JUSTICE Secretary Leila de Lima on Saturday said senators Juan Ponce Enrile, Ramon “Bong” Revilla and Jose “Jinggoy” Estrada may be arrested in two weeks time. The three senators, their former chiefs of staff and several others were charged with plunder at the Sandiganbayan on Friday.
De Lima said the executive branch was awaiting word from the anti-graft court on when to arrest the three.
She denied there were political overtones in the case, saying the evidence simply pointed to the trio.
The three lawmakers, who include a son of former president Joseph Estrada and a 90-year political survivor who enforced martial law under dictator Ferdinand Marcos, are accused of channeling billions of pesos into bogus organizations in return for huge kickbacks.
De Lima, whose investigators prepared the case against the opposition senators, said they had enough evidence to pin down the accused.
“We are confident that there is enough evidence to support conviction and we continue to strengthen the evidence,” she told Agence France-Presse.
The evidence included testimony from whistleblowers involved in the alleged corruption and documents from government agencies showing that funds were syphoned off, she added.
If convicted, the three senators could face life in prison.
Enrile, 90, has outlasted four previous presidents and was chief enforcer of martial law under Marcos in the 1970s.
Estrada, 51, is the son of former president and movie star Joseph Estrada while Revilla, 47, is a showbiz star as well as the son of another movie star-turned-senator.
Janet Lim-Napoles, who allegedly masterminded the scam, was among those indicted.
Aquino’s deputy spokesperson Abigail Valte said the indictments were just the start and that more people would eventually be named in the massive corruption scandal that has riveted the nation for months.
The accusations, which surfaced last year, triggered a firestorm of outrage over the “pork barrel” system whereby legislators get huge amounts of money which they can use on pet projects.
Thousands marched in protest against the practice, which the Supreme Court outlawed in November.
Other officials have also been named as involved in the scandal including allies of Aquino.
Spokesmen for the three senators could not be contacted for comment but Estrada and Revilla were quoted by radio station DZMM as saying the charges were unfair.
“They want [Aquino] to be able to say that he jailed three senators as part of his anti-corruption drive,” Estrada said.
Respect the Senate
However, Malacañang agrees with Senate President Franklin Drilon that the three senators should not be arrested at the Senate.
Valte said no arrests should be made in the Senate premises.
“The appeal of Senate President Drilon is according respect to the Senate as an institution.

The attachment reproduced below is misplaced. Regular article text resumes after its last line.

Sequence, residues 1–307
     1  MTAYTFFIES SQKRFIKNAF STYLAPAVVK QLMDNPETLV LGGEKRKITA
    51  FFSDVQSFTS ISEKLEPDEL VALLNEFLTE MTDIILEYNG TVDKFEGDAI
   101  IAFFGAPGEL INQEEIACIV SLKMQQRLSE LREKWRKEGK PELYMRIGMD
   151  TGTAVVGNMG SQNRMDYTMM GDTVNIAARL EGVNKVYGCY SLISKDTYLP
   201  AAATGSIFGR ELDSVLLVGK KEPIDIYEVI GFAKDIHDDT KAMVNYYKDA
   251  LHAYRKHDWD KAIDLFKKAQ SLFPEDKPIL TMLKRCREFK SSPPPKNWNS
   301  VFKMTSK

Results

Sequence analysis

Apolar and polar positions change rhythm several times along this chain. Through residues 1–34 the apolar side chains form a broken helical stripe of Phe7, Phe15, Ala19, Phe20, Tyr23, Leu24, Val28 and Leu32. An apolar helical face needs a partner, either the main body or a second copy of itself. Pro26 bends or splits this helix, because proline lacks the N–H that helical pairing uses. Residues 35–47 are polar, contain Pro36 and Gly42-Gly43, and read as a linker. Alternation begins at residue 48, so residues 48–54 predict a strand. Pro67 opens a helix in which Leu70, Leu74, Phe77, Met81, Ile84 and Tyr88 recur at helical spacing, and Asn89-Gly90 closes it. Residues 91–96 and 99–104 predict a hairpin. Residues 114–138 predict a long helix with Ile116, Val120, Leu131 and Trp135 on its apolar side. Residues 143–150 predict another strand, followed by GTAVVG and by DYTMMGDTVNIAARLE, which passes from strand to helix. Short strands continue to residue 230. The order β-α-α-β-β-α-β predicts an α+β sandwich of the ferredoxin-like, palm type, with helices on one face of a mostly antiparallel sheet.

The Palace shares that appeal in respect to the institution,” Valte said in a radio inerview.
The plunder charges are yet to be raffled by the Sandiganbayan, but Revilla has already filed a motion to suspend the proceedings and a motion for judicial determination of probable cause.
Valte said the executive is ready to assist in the serving of the warrants of arrest once the anti-graft court determined that there is probable cause to pursue the cases against the accused.
“We are ready to carry our task and implement the court’s decision,” the Palace official noted.
Revilla and Estrada claimed that the Ombudsman railroaded the filing of charges against them.
Valte dismissed such claims.
“The Ombudsman had given them enough time and reviewed their motions for
reconsideration and gathered all pieces of evidence. The Ombudsman’s resolution underwent rigorous process. Besides, the Office of the Ombudsman is an independent constitutional commission apart from the Executive,” she pointed out.
The Palace also backed the proposal of the Ombudsman that the Supreme Court create two special divisions at the Sandiganbayan that will exclusively try the plunder and other pork-related cases.
Valte said Malacanang sees nothing wrong with the proposal if it will lead to the faster resolution of the cases.
“Hopefully, whatever their [Supreme Court’s]decision may be, it will help in making sure the proceedings are conducted in a timely manner without much delay,” Valte said.
Meanwhile, sources in the national police headquarters said that space was being cleared at a special “custodial center” for high-profile inmates to make way for several big-name arrivals.
The center currently hosts 72 inmates including top communist insurgents, suspected drug traffickers and police officials linked to graft and major human rights abuses.
However it should ideally hold only 60 inmates, the sources said.